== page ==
The tragedy of the Civil War also gave rise to this legend, said to be the ghost of a woman who died shortly after her husband was killed in the war. In fact, the ghost is said to be responsible for the deaths of 23 Union soldiers who followed a woman riding a Palomino horse into a Confederate ambush. The Federal Army tried to locate her afterwards, and while she was sighted several times, bullets seemed to pass right through her. Since then, she has been seen several times by reliable witnesses, always on or near the grounds of the Calvary Episcopal Church in Fletcher.
Lydia’s Bridge (Jamestown)
On a lonely stretch of US Highway 70 between Greensboro and High Point, there’s an overgrown underpass that used to be part of the main road. There have been several stories about a female hitchhiker named Lydia who flags down cars near here on rainy nights and gently asks for a ride to an address in High Point. Just as the driver approaches the girl’s destination, the hitchhiker vanishes, and those that inquire at the house are told that Lydia died in a car wreck near the underpass…on a rainy night in 1923.
Korner’s Folly (Kernersville)
The bizarre-looking house just outside of Winston-Salem already bills itself as “The Strangest House in the World”, due to its odd layout and ceiling heights that range from six to 25 feet. But in 2009, a local paranormal group added “haunted” to the Folly’s list of adjectives. Members of the group spent a night there, and collected voice and video evidence they say shows EVPs (Electronic Voice Phenomena) present in the outhouse, the children’s room, the reception room, the sewing room and Cupid's Park theater. They recorded voices saying "Peek-a-Boo" and the name "Annie", as well as video showing convincing evidence that something was present. But no one seems to know exactly what - or who it is.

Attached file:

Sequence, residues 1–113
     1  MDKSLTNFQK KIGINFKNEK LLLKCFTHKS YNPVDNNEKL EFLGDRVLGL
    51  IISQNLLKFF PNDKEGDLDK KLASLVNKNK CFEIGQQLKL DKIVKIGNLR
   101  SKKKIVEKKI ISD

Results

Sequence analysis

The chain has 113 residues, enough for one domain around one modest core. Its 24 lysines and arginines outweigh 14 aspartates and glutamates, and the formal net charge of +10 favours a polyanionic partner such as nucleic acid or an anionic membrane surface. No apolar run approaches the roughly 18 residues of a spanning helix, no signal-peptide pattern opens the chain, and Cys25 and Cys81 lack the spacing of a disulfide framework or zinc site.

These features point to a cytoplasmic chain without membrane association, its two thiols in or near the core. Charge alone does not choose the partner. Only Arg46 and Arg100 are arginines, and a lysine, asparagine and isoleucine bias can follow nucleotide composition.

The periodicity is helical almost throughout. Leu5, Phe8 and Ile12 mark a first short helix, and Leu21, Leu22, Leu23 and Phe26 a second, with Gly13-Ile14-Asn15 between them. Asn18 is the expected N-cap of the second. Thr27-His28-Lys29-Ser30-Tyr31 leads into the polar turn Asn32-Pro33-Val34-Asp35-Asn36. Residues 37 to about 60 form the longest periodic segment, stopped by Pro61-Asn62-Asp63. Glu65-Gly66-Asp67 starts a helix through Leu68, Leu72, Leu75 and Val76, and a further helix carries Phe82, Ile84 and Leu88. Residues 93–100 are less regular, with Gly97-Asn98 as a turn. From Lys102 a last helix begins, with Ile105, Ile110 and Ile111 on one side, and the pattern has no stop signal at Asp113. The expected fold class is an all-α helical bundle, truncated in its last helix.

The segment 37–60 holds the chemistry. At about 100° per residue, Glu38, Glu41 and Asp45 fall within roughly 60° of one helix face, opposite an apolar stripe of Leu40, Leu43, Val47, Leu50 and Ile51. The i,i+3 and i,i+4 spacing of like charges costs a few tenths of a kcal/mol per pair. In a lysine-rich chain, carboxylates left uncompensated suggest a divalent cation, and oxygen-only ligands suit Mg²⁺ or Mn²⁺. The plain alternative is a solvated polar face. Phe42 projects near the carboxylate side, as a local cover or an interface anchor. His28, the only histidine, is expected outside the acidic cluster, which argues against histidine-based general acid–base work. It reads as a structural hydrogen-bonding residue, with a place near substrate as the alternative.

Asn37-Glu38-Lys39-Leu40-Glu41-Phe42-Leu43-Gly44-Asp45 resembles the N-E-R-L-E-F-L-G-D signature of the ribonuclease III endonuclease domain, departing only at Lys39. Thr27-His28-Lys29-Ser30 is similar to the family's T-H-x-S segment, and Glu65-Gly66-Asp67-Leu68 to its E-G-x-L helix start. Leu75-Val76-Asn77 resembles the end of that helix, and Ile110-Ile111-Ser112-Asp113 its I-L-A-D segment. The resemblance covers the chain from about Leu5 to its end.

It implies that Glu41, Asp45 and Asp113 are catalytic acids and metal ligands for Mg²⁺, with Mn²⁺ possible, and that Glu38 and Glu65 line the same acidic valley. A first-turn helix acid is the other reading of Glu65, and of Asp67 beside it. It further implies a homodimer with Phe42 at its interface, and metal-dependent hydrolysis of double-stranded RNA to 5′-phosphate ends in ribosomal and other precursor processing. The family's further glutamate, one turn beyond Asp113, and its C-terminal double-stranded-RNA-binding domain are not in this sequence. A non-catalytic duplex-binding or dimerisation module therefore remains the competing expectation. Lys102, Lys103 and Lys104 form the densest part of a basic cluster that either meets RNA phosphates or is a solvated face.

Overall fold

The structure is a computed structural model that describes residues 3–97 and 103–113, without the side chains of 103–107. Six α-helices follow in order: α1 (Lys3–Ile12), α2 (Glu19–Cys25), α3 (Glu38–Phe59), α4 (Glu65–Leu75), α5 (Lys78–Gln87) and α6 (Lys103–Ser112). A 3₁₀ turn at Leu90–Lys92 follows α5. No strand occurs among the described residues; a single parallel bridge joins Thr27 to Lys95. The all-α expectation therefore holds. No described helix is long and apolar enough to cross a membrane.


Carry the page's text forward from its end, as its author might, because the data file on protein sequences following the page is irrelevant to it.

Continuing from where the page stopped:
The Maco Light (Maco)
Joe Baldwin was a signalman for the Atlantic Coast Railroad. One night in 1867 near the Maco station just west of Wilmington, the caboose Baldwin was riding on became detached from the train that was pulling it. Joe knew that another train was scheduled to come down the tracks soon, so when he heard the sound of an oncoming locomotive he grabbed his lantern and began frantically waving it around. However, by the time the engineer of the oncoming train saw the light, it was too late. The train crushed the abandoned caboose, and Joe Baldwin was decapitated. For more than 100 years after that tragedy, strange lights were seen moving up and down the track near Maco, and legend has it that it was Joe’s ghost, looking for his head. However, the tracks were pulled up in 1977, and the lights have not been seen since.
Brown Mountain Lights (near Morganton)
Another set of strange lights are located in the Pisgah National Forest near the Burke/Caldwell County line. Brown Mountain is a long, low-lying mountain ridge, and for more than 800 years, there have been eyewitness reports of eerie, ghostly lights flaring and creeping along the mountain’s upper ridge. From Cherokee and Catawba Indians to Civil War soldiers to thrill seekers that crowd the overlook on Highway 181, many have seen the bizarre lights, but no one has come up with a logical explanation for them.
Devil’s Tramping Ground (near Siler City)
Have you ever been to a place where no living thing exists? Have you ever seen a location where anything left there at night will disappear before morning? If this seems terrifying to you, stay away from the circle at the Devil’s Tramping Ground in Chatham County, just off County Road 1100. Legend has it that the circle is the spot where Satan himself appears on Earth and paces in a circle, plotting his evildoing against humanity. Whatever the reason for the phenomenon, all greenery in this wooded area stops at the circle’s edge, and animals are reluctant to step inside the area.
added: October 23, 2009
updated: September 12, 2012